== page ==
The current control of insects in capsicum and eggplant crops relies heavily on scheduled applications of insecticides.
For some pests there are few or no registered products, while insecticide resistance is an increasing issue.
This project is a first in an attempt to develop Integrated Pest Management (IPM) systems in these crops.
It is based on the relationship between the insect pests and beneficial insects. Other projects have concentrated on developing controls for some of the pests in these crops.
The results from those projects and from personal experience, in working on insects in vegetable crops, have contributed to the final outcomes of this project.
This publication is the final report for project VG00026 “Developing and Implementing Integrated Pest Management Systems for Eggplant and Capsicum” outlining the work undertaken and the outcomes achieved for the Eggplant and Capsicum industries.
In eggplant (Solanum melongena L) and capsicum (Capsicum annuum L) the management practices for insect pests rely heavily on scheduled insecticide applications.
The most important and common insects to both crops are Heliothis [Helicoverpa armigera (Hubner)], aphids [Myzus persicae (Sulzer) and Aphis gossypii Glover)] and eggfruit caterpillar [Sceliodes cordalis (Doubleday)].
Other major pests include silverleaf whitefly [Bemisia tabaci type B] that mainly infests eggplant and a number of thrips species [Thrips spp. and Frankliniella sp.]. Other minor insect pests belonging to a number of insect orders also attack these crops.
Successful IPM is based on control options that are economically sound, environmentally acceptable and user friendly, as well as producing a marketable product.
Outcomes from this project showed that scouting methods could determine insect numbers in capsicum crops.
The main part of the plant to sample was the top 1/3 of the plant. By sampling 5 randomly selected leaves per plant with a sample size of 1 plant in 300 plants up to a maximum of 50 plants examined, would give a reasonable estimate of the insect population within that crop.
If all insects were recorded then an average of 0.12 beneficial insects, mainly ladybird beetles, lacewings or parasitic wasps, would control an aphid population with an average of up to 6 per leaf.
Control for Heliothis would be needed if no parasitism was recorded and an average of 5 eggs or 1 larva was counted per 10 plants.
Variations to that number depended on the percentage of egg parasitism by Trichogramma spp. and the number of other beneficial insects that prey on them.
Pheromone trapping for eggfruit caterpillar and Heliothis adults is not a reliable indicator of their activity in the crop.
Research showed that the area to check for eggfruit caterpillar is along the fruit stalk and on the fruit. This is the preferred site for egg laying.
Eggs are white when first laid and develop red stripes down the side of the egg within a day. The larvae burrow into the fruit within a few hours of emerging from the egg.
Results from this project have shown that with this information, an IPM system in capsicum can be successful. This has been demonstrated in study plots, on grower properties and on research stations.
The adoption of IPM system in capsicums has been slow and this has been due to the delay in the publication of the insect booklet.
Without the ability to identify the insect, as a pest or beneficial, it is difficult to adopt and implement an IPM system.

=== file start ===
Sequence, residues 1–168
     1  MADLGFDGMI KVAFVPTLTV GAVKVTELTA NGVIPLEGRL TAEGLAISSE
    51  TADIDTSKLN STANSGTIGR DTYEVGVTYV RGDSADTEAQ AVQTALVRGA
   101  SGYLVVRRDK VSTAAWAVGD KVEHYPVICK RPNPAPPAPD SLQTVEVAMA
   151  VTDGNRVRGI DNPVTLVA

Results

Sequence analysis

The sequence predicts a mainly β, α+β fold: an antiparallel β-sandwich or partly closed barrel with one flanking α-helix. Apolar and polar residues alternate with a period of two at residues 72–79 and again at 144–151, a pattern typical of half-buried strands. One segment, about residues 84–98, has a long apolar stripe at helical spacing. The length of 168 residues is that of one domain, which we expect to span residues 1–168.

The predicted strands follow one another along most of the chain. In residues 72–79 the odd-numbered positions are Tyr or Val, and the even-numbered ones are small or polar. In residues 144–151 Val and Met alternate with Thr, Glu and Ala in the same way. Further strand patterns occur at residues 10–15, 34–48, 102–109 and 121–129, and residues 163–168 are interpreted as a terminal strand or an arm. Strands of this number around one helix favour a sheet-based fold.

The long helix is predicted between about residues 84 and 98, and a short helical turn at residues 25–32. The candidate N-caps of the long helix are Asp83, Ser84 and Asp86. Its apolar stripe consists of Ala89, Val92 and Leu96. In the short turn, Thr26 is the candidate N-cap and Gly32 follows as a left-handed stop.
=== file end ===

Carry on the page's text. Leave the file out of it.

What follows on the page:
Future development of IPM in capsicum crops should be directed at the involvement of growers in using the crop monitoring technique with the insect identification book.
Integrated Pest Management in eggplant crops has not been successful.
Future work will need to consider softer type controls for the silverleaf whitefly. The development of IPM in this crop maybe possible, if the current release of the introduced parasite is successful.
With most vegetables the slightest marking on the fruit can make it unacceptable for the market.
Integrated Pest Management systems have been developed in vegetables but their adoption is sometimes slow due to a number of factors.
The price received for a commodity is a major factor. In times of high prices chemical costs are not important in the economic equation but as the price of produce falls, the costs of chemicals becomes important and this is when IPM will start to be adopted.
Integrated Pest Management systems appear complex but aren’t, mostly relying on crop monitoring to gauge insect numbers and adoption of good farming techniques.
These include; having crop breaks, weed control, destruction of old crop residues and use of specific insecticides i.e. biological types for Heliothis.
With the aid of the insect identification book no one should be disadvantaged in undertaking crop monitoring as the old problem of not being able to distinguish insect pests from noninsect pests is removed.
This has been the major stumbling block in the adoption of IPM.
We gratefully acknowledge the assistance of the following organisations and individuals who have contributed to the project :
- Tony Parker, who provided technical assistance in most of these studies.
- Manager and staff of the Ayr Research Station who grew and maintained the crops.
- The growers Joe Zappala, Russel Chapman, Barry Helander and Alvin Thomas who provided crops for the work to be undertaken in.
- To Iain Kay and Noel Meurant who provided technical comments on the Insect Identification Book.
- To the staff of the QDPI&F publishing services who offered assistance in the design of the insect guide.
This research was funded by Horticulture Australia and the Department of Primary Industries & Fisheries, Queensland.
The Australian Government provides matched funding for all HAL’s R&D activities.